Let the Yarn Decide…

 

Whenever Fleece Artist adds a new yarn to their already delicious line, we find a skein of it hiding in a box along with our regular shipments.  The hand-written labels spell out the details, and we all pet and drool (we usually wear bibs) and exclaim our first impressions.  Several weeks ago, we received a skein of O’paca among the pile of BFL 2/8.  The halo is so fluffy, and the core yarn so fine, that the whole things looks like a twist of roving, not like yarn at all.

O'paca, by Fleece Artist; Nymph colorway

As we contemplated carrying the new yarn, the skein sat on the packaging table, calling out to my fingers.  It’s amazingly soft, demanding to be held against your face.  You cannot walk by it without touching it, even with your hands full of cashmere, mohair, and BFL.  It’s really just that enticing.

Opal Scarf

 

Once we settled on carrying the yarn, we started thinking about pattern support.  I had ideas from the first time I handled the skein.  I wanted a light, open lace that would show just how fine the yarn is, while giving the bloom enough room to fluff up a bit.  I also wanted to make something that would be worn against the neck or head; it feels too good!  Quick fix – the Opal Scarf!

Blocking Detail

I began with a simple ribbing, knitting long enough to create a loop.  Then I started the lace portion.  The fagoting is a simple 4-stitch, 1-row repeat.  The border is knit-on sideways, a quick garter stitch.  Pull the tail through the loop, and drape around a lucky neck.  The scarf can be made longer and wrapped around more times.  It’s light as a feather, and warmer than you might expect.  The alpaca is just so awesome.  Seriously.

Opal Scarf in the photo room

Busy Bizzy

The first installment of my Heirloom Christmas Project is a shawl for my youngest sister, Elizabeth.  Her buoyant energy throughout her life led friends and family to call her Bizzy.  I think this is incredibly appropriate, and extremely endearing.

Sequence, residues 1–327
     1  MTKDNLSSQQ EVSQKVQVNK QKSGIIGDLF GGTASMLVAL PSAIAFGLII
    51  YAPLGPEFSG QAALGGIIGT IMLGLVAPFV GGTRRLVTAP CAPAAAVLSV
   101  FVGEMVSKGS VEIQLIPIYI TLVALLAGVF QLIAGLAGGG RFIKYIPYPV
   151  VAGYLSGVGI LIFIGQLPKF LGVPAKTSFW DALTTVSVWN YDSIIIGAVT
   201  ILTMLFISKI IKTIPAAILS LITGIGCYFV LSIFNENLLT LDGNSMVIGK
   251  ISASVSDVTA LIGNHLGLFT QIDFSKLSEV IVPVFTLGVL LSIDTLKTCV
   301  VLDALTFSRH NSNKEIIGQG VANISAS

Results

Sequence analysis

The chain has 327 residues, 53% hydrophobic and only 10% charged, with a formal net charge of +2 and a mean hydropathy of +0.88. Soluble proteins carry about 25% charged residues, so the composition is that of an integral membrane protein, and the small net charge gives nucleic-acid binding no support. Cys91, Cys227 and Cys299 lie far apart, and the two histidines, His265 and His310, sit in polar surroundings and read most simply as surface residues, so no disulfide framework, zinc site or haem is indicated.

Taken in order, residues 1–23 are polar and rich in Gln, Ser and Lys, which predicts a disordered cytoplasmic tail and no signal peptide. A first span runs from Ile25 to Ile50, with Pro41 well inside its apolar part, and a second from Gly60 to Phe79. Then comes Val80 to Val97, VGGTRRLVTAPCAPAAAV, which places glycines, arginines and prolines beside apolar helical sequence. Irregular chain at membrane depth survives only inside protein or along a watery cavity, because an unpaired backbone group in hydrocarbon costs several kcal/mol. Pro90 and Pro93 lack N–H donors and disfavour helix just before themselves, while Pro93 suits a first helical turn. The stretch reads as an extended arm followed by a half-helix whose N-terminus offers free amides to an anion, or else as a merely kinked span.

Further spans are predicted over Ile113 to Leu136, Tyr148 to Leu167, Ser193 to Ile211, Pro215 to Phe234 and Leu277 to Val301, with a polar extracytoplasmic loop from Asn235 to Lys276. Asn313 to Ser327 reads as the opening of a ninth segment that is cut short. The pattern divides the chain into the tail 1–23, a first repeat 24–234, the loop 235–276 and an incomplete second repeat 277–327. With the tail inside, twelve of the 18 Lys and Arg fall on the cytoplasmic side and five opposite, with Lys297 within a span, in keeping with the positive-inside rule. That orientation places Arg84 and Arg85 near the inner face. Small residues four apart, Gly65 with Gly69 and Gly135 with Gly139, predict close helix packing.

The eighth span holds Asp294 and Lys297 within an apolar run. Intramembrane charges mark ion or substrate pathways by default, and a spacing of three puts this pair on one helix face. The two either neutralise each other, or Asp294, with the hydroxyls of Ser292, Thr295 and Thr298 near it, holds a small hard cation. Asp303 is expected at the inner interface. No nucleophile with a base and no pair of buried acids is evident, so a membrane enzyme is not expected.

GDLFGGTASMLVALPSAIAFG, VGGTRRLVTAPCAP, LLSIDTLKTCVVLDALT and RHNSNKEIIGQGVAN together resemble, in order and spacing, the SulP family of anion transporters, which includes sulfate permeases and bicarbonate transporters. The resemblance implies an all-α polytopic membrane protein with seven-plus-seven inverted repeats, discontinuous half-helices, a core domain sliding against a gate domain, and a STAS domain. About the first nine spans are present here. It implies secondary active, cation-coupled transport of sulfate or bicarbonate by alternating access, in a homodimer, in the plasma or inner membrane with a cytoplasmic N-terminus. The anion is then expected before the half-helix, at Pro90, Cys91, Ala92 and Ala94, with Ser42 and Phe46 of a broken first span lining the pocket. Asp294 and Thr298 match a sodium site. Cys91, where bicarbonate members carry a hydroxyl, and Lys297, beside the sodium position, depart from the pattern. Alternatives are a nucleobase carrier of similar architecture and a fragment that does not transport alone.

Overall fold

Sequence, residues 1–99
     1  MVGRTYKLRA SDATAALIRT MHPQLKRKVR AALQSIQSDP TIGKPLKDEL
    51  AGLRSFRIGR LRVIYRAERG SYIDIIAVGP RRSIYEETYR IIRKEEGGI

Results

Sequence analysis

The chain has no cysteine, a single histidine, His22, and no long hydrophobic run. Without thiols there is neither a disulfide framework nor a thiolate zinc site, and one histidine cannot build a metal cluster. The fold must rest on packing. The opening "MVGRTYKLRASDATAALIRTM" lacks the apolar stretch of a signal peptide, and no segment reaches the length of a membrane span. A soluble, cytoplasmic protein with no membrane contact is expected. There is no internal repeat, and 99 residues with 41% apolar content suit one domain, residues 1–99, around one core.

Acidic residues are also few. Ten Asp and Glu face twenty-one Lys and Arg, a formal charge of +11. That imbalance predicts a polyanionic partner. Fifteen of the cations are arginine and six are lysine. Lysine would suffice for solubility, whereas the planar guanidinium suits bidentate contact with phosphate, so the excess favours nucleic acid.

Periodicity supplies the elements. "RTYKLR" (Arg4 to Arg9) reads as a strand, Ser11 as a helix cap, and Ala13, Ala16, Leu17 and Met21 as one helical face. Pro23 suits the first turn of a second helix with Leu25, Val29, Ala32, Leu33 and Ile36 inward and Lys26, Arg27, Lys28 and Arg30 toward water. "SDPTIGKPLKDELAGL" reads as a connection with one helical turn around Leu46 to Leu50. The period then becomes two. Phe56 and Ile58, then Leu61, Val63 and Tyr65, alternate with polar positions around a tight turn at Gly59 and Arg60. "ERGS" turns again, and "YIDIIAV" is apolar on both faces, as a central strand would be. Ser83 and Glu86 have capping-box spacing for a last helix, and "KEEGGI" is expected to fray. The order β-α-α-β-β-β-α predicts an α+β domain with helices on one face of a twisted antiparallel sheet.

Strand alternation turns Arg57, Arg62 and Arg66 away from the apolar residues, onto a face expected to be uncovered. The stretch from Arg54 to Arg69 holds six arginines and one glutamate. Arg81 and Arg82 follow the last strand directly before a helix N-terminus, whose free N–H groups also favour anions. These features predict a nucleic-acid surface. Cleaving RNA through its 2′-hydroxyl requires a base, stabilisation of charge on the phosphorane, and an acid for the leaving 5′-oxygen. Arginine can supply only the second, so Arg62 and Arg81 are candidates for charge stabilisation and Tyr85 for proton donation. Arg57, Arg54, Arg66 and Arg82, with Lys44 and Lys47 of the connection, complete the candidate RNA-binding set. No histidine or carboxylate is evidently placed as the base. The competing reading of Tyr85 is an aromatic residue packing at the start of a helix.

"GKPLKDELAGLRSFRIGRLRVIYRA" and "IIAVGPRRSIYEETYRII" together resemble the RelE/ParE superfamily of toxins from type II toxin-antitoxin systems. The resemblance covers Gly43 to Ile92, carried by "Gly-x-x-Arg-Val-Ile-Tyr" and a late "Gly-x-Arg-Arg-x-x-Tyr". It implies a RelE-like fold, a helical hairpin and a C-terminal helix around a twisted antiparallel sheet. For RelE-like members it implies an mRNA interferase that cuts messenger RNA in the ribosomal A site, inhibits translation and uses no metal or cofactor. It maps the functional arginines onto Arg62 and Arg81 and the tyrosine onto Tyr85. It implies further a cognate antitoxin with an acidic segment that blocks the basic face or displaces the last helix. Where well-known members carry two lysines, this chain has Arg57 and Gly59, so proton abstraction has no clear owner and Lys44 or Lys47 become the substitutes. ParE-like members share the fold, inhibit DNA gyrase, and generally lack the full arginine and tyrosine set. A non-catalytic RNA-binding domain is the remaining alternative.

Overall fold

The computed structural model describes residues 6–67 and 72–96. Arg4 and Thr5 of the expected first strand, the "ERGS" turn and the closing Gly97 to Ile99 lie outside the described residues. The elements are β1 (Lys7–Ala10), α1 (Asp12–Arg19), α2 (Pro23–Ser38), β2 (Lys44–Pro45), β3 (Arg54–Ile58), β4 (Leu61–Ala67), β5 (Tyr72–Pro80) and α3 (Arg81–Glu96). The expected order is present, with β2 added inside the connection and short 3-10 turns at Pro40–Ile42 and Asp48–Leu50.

Oldest Sister, Youngest Sister

 Bizzy chose the blue and green colorway, Caicos, in Fleece Artist’s Saldanha yarn.  This yarn is amazing for shawls – it is incredibly light-weight, not a smidgen itchy, extra strong, and comes in skeins of 1200m!  That’s enough to make just about any kind of shawl you can imagine.

Saldanha in Caicos, by Fleece Artist

Since the last shawl I made was a center-out triangle, I wanted this one to be at least a slightly different construction.  A center-out circle is different, right?  After searching Ravelry for who knows how long, I found the Revontuli-huivi (Northern Lights) pattern.  An English translation can be found here, on the designer’s blog.

All Spread Out

 I made a few modifications with the pattern, including using yarn-overs for all of the increases, rather than left- and right-leaning increases.  This gave the shawl a bit more air flow; it seems more open than the original.  I also did several more repeats of the main chart, because this yarn is significantly lighter weight than what the pattern suggests, and I wanted it to be substantial in size.  The pattern itself was fairly easy, and rather uneventful.